“I think it’s the best thing I’ve ever done in my life, even having my children—I think this tops that,” one of the last members of the public to pass by the Queen’s coffin in Westminster Hall told a BBC reporter, early on the morning of the Queen’s funeral. Along with tens of thousands of others over the previous days—ordinary Britons; curious visitors; celebrities, including the footballer David Beckham, who waited thirteen hours in line—this visitor had felt compelled to go and pay her respects in person. She and her husband had dashed to Central London the previous evening, before the opportunity passed forever. After a wakeful night shuffling along the pavements of Westminster, she finally reached the interior of the medieval hall. “You could hear a pin drop. It looked like a photograph,” she said. “Peaceful, regal.” She repeated the superlative: “It was the best thing I have ever done.”
The country had been readying itself for the Queen’s funeral for years—decades, even, given the former monarch’s remarkable longevity. Over the ten days prior to the funeral, which in Britain had been officially designated a period of mourning, the Queen’s death and the accession of King Charles III dominated the nation’s headlines. (On Friday, news of a mass grave discovered in the Ukrainian city of Izium briefly displaced the monarchy from the top of the news.) There were the multiple gun salutes of ninety-six rounds fired across the nation on September 9th, the day after the Queen’s death. There was the Duke of Norfolk’s announcement of the accession of King Charles from a balcony of St. James’s Palace the following day. There was the coffin’s journey from Balmoral, where the Queen died, to St. Giles Cathedral, in Edinburgh, to Buckingham Palace and on to the Palace of Westminster, where she lay in state for four days. There were the highly choreographed ceremonies, including the Vigils of the Princes, occurring both in Edinburgh and in Westminster, in which the Queen’s four children stood in solemn silence around her coffin; and there were the unscripted moments, including the new King’s unfortunate encounter with a leaky pen while inscribing the visitors’ book at Hillsborough Castle, the monarch’s official residence in Northern Ireland.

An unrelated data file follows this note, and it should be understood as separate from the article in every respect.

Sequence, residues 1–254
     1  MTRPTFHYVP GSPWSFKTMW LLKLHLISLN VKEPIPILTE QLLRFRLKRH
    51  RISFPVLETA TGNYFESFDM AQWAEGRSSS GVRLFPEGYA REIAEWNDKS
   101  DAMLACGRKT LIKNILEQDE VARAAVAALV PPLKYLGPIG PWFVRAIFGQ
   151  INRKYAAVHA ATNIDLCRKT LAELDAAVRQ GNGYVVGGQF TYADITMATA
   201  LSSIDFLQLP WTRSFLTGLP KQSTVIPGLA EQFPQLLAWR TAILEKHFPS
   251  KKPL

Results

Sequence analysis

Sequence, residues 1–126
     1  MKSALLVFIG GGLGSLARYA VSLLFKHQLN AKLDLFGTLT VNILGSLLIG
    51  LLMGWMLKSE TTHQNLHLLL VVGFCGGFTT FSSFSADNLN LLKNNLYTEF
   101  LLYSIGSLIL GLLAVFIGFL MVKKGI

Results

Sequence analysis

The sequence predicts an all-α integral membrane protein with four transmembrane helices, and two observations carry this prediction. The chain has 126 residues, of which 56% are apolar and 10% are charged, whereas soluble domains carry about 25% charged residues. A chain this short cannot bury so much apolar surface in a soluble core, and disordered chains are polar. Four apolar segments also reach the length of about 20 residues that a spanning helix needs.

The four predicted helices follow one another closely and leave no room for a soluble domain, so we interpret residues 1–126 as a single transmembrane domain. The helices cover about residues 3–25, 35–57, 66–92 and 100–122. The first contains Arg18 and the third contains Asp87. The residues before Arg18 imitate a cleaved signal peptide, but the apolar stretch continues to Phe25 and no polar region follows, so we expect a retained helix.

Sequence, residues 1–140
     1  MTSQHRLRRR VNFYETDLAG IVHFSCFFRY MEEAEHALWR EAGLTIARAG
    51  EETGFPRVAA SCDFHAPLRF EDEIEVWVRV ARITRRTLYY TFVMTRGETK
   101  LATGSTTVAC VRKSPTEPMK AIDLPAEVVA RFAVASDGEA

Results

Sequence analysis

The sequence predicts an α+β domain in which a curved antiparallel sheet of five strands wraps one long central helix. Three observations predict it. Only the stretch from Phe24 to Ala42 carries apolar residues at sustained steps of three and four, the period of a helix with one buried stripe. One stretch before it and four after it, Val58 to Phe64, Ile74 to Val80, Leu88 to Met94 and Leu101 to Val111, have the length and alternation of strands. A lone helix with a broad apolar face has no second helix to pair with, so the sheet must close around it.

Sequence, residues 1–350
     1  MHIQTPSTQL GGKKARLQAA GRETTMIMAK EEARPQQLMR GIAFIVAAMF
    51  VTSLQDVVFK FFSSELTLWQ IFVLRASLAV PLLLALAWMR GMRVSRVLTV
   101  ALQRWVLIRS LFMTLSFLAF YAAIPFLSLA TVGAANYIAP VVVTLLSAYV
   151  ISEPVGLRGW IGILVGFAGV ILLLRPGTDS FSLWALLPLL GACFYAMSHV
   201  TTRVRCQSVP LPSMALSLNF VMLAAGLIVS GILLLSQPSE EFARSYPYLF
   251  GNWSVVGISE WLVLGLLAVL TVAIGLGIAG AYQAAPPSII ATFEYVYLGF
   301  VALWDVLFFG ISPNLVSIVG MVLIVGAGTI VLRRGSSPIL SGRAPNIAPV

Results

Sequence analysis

All were building to the big event: the state funeral at Westminster Abbey. It was the first of a monarch to be held in the Abbey since that of George II, in 1760, though the Abbey contains the tombs of a number of England’s kings and queens, including Edward the Confessor, in whose reign the Abbey was first built and who died in 1066, and Elizabeth I, the Queen’s Tudor namesake, who was crowned there in 1559 and laid to rest in the Lady Chapel in 1603. When the Queen’s father, George VI, died in 1952, his coffin was taken straight from the Palace of Westminster to Paddington Station, where it was carried by the royal train to Windsor for burial. Just as well that wasn’t today’s plan: early in the day, trains running from Paddington, including those that serviced Windsor and the newly opened Elizabeth line, had been cancelled, there having been “significant damage to overhead line equipment,” according to Network Rail.